Reaction time is in general 4 to 6 hours, with up to two days being required for very coarse metal. The longer reaction times for the coarser metal is not necessarily of disadvantage, since coarser metal is cheaper and batch operation permits one to simply load the reactants into a vessel and permit the reaction to go to completion. Continuous operation is, of course, also possible.
As to purity, the purer the aluminum metal, the purer the aluminum hydroxide product. U.S. Pat. No. 4,115,215 shows the production of aluminum metal of 99.99% (referred to as "4-9's") purity, and metal of that purity can be purchased. In fact, 5- and even 6-9's purity aluminum is readily available on the market. A process based on the decomposition of organic compounds containing aluminum is said to yield 7-9's purity aluminum.
Besides attention being given to the aluminum metal, impurities can also result from contaminants in the water and the choline. Deionized, or perhaps double-deionized, and distilled water is suitable. Depending on the end use of the aluminum hydroxide, different impurities are of concern to different end uses. Iron and copper impurities in the aluminum are disadvantageous to the invention, because these impurities retard the aluminum-water reaction.
The aluminum hydroxide product of the invention will, in general, have an average particle size of about 4 to 12 microns, with higher choline concentrations giving the larger average particle sizes.
Aluminum hydroxide produced according to the present invention can be calcined to produce high purity alumina useful, for example, in the manufacture of high intensity sodium vapor discharge lamps. Any remnant choline is driven off or destroyed in the calcination, and other impurity concentrations can be reduced, depending on their vapor pressures or the vapor pressures of their oxides.
Other uses for the calcined product of the invention are as polishing compound, in cutting tools, in bioceramics, in electronic substrates, synthetic jewels, watch covers, special windows (such as the window of the bar-code readers of checkout counters), encapsulating lids of various types, etc.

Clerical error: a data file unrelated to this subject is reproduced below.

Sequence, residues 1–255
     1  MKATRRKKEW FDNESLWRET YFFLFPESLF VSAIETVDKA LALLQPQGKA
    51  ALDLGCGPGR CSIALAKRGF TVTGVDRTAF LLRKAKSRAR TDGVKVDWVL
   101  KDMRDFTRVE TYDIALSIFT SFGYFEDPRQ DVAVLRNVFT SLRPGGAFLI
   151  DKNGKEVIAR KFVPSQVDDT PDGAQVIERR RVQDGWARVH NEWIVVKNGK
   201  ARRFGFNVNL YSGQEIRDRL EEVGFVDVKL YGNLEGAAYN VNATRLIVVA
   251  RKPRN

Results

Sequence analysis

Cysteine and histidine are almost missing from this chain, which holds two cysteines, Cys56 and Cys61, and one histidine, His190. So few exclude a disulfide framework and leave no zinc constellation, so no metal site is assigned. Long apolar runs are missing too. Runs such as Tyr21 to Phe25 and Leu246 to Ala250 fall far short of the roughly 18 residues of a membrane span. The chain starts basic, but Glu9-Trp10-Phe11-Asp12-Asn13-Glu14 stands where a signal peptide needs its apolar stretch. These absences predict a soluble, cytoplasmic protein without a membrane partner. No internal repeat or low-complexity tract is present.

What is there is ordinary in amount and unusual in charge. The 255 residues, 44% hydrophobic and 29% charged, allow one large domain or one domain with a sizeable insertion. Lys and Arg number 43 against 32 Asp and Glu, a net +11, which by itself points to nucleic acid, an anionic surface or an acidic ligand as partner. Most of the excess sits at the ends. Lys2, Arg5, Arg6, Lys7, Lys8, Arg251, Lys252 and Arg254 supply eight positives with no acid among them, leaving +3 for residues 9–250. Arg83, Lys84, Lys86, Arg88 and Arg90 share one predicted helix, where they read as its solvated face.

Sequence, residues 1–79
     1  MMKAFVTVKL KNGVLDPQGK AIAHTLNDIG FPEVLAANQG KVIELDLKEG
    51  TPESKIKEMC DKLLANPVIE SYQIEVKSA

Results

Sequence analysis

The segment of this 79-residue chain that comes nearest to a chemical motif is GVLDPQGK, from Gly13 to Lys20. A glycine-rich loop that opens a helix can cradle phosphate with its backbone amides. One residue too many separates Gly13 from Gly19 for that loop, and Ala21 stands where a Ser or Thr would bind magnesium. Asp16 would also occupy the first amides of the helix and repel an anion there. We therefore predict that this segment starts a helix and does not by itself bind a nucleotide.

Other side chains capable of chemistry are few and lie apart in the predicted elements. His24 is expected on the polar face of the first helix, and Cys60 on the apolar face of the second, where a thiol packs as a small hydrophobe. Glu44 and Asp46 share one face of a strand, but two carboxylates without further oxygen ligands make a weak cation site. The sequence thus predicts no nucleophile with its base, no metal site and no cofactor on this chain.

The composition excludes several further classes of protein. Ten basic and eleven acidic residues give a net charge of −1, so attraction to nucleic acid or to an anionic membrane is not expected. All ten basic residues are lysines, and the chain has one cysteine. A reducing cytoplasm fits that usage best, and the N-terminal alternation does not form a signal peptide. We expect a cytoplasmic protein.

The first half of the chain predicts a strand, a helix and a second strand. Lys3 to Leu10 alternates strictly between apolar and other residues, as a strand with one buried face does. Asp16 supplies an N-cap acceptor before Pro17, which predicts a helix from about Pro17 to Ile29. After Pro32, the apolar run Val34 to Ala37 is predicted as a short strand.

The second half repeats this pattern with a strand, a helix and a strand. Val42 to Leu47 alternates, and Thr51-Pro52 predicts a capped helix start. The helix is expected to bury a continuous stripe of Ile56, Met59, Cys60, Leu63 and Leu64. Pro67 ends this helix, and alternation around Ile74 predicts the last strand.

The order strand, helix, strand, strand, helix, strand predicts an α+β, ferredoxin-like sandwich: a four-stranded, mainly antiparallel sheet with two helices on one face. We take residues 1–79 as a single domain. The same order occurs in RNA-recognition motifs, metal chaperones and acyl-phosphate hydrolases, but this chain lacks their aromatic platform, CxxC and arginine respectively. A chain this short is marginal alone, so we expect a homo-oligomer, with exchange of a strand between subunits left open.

Freedom from the alkali metal contamination characterizing aluminas directly made from Bayer process aluminum trihydroxide makes the aluminum hydroxide product of the present invention suitable for preparation of activated (transition) alumina catalyst supports.
Naturally, there are a number of areas of application where purity does not have to be greater than 99.5% where the invention can as well be applied.
Further illustrative of the invention are the following examples:EXAMPLE I
A solution of choline in water was made using Eastman practical grade 45% choline in methanol to yield a solution concentration of 0.05 mols choline per liter of solution. The solution was brought to a temperature of 40.degree. C. and stirred using an air stirrer. While maintaining stirring, 40.5 grams of aluminum powder, namely Alcoa High-Purity Atomized Powder Grade 7123 powder (minimum aluminum content of 99.97%) having an average particle size of 17 microns and a surface area of 250,000 mm.sup.2 /gm, first mixed with a small amount of deionized water to guard against dusting, was mixed with the choline solution. The 40.5 grams of aluminum provided a metal concentration of 2 mols per liter of choline solution. The aluminum reacted with the water and hydrogen was evolved. The temperature rose to 81.degree.-86.degree. C. and was maintained there by cooling water circulated through stainless steel tubing immersed in the solution. The mixture was allowed to react until hydrogen evolution ceased. After another period amounting to about 1/3 the amount of time to cessation of hydrogen evolution, the reaction mixture was filtered using Watmann No. 42 filter paper to collect an aluminum hydroxide product of about 5 to 10 microns particle size. Total reaction time (to hydrogen evolution cessation +1/3) was 3.83 hours. X-ray diffraction analysis of the product showed a major portion of bayerite with a probable minor portion of boehmite.
Table I presents a summary of the experimental conditions used for this example. Table IV presents the types of aluminum hydroxide detected by X-ray diffraction analysis.EXAMPLE II